Bess of Hardwick, who was born in 1527 and died in 1608, lived through the greatest period of religious turbulence in the history of England. One of the biggest changes to take place during the English Reformation was the introduction of the Book of Common Prayer, which set forth for the first time the complete forms of service for daily and Sunday worship in English. It contained Morning Prayer, Evening Prayer, the Litany, Holy Communion, and the orders for baptism, confirmation, marriage, “prayers to be said with the sick,” and funerals.
Much of the language of the Book of Common Prayer is so familiar that it seems that it must have existed forever:
“Our Father which art in Heaven, hallowed be thy name…Give us this day our daily bread…forgive us our trespasses, as we forgive them that trespass against us.”
“Wilt thou have this woman to thy wedded wife?”
“With this ring I thee wed.”
Yet before the first edition of the Book of Common Prayer was published in 1549, none of these words had been spoken before, and for centuries, people in England had worshipped and been christened, married, and buried with services in Latin.
Writing Venus in Winter, my novel about Bess of Hardwick, made me think about how striking it must have been to hear as new the words we know so well.
Bess was married for the first time in 1543 and for the second time in 1547. It was only with her third marriage, to Sir William St. Loe, in 1559, that she would have spoken the vows that are still used today: “I take thee to my wedded husband, to have and to hold from this day forward, for better, for worse, for richer, for poorer, in sickness and in health, to love, cherish, and obey, til death us depart.”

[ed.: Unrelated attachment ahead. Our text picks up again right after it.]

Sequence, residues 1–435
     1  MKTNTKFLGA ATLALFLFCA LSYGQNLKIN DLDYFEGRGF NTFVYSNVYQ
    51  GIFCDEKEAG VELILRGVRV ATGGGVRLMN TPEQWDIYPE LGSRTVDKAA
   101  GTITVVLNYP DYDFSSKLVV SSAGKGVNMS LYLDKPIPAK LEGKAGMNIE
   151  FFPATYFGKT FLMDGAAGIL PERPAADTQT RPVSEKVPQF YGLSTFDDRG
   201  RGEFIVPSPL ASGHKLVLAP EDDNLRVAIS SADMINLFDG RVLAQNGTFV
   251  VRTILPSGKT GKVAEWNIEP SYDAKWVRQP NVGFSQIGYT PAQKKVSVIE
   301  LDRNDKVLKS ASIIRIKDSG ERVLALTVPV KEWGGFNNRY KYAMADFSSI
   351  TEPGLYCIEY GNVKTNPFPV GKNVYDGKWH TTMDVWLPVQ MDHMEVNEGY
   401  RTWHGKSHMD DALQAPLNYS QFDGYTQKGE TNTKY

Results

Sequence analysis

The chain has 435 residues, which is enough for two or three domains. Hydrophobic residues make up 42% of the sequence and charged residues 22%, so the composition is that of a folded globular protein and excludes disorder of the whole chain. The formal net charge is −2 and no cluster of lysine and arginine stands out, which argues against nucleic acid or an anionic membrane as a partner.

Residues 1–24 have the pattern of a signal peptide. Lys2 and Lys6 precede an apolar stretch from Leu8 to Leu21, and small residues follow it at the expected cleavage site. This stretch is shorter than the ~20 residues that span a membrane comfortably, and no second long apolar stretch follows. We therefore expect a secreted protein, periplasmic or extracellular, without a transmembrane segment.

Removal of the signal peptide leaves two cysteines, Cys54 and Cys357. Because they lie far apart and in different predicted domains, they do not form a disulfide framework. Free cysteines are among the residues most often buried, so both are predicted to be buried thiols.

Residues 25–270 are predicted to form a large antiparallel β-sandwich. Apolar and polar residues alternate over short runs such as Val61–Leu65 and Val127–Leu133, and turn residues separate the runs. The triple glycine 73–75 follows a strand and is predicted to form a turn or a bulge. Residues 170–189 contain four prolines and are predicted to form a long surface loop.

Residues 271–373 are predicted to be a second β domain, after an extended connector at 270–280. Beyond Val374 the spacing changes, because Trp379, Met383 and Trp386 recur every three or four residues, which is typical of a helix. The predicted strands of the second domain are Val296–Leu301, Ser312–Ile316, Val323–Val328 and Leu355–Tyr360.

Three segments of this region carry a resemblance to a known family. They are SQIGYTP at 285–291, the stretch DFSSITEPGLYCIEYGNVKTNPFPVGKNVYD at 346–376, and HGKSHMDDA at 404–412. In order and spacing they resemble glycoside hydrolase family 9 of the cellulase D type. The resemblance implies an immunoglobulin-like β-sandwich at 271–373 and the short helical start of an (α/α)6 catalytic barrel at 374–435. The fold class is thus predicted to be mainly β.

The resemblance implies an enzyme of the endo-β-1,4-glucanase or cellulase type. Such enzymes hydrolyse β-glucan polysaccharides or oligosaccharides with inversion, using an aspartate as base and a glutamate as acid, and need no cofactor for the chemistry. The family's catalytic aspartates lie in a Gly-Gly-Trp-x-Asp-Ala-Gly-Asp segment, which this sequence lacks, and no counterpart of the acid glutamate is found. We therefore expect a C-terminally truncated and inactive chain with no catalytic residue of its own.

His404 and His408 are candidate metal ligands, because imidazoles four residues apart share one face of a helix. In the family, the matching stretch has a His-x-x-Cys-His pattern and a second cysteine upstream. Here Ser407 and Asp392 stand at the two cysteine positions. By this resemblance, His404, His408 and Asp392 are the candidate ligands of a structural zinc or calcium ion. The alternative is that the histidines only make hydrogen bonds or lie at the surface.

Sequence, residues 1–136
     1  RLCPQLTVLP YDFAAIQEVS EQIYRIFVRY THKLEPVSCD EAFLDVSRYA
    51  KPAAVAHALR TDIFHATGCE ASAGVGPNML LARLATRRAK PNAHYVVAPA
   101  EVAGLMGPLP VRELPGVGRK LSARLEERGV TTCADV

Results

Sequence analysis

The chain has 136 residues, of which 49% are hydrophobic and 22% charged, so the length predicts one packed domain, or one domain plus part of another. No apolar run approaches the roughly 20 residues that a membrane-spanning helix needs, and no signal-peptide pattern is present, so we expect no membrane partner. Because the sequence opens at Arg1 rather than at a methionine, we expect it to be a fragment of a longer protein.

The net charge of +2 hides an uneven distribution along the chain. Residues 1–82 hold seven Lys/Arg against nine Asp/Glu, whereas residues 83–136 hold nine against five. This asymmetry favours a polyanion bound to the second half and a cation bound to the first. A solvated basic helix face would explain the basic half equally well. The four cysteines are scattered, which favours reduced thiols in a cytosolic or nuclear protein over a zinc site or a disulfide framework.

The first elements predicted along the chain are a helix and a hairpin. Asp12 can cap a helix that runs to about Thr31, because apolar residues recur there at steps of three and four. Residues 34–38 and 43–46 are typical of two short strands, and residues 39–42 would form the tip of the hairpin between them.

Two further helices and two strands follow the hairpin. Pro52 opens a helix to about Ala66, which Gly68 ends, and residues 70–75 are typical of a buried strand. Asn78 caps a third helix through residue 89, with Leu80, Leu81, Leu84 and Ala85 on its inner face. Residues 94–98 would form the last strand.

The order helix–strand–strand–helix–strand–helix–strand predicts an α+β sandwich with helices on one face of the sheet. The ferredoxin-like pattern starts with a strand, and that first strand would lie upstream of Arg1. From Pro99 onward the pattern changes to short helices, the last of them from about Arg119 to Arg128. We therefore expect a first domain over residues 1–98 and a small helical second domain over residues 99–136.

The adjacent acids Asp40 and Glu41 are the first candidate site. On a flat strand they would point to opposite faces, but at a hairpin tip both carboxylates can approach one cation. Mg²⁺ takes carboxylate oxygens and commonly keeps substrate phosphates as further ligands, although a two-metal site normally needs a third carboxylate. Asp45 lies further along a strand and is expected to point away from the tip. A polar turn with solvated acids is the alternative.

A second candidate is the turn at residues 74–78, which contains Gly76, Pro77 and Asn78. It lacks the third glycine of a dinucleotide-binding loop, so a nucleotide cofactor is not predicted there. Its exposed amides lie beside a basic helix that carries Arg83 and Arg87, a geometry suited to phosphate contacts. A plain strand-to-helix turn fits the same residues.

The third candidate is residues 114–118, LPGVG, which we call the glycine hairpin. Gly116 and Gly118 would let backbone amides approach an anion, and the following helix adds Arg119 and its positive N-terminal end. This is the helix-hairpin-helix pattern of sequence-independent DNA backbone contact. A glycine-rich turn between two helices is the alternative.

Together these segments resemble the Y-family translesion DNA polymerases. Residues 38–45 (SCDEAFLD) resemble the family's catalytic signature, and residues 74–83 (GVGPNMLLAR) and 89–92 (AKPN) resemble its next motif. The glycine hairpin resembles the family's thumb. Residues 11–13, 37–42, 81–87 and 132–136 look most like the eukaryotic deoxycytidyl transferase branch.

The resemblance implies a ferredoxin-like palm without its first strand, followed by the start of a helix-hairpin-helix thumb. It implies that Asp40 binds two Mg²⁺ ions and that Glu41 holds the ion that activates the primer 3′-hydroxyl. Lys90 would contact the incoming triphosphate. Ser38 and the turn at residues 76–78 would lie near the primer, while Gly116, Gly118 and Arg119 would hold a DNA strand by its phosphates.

It’s hard to imagine now that the simple and beautiful language of the prayer services could have been contentious, but on the very day that Bess was giving birth to her second child, Temperance, June 10, 1549, riots were breaking out across England, partly as the result of the introduction of the Book of Common Prayer, which was such a radical break from centuries of tradition.
Not until Bess buried her third husband would she have heard, and perhaps drawn some comfort from the powerful words, “I am the resurrection and the life, sayeth the Lord. He that believeth in me, yea, though he were dead, yet shall he live.” I have Bess reflect that just as the Book of Common Prayer reminds us that “In the midst of life, we be in death,” so too in the midst of death we are in life.
When Mary Tudor succeeded to the throne, she returned England to Catholicism, and services were once more in Latin. But in 1559, Queen Elizabeth brought back the Book of Common Prayer, with a few modifications. A revised version came out in 1604 under James I (who was also responsible for the King James Bible). Not until 1662 was there another major revision, and that book remains the official prayer book of the Church of England, and is still in common use throughout the English-speaking world.
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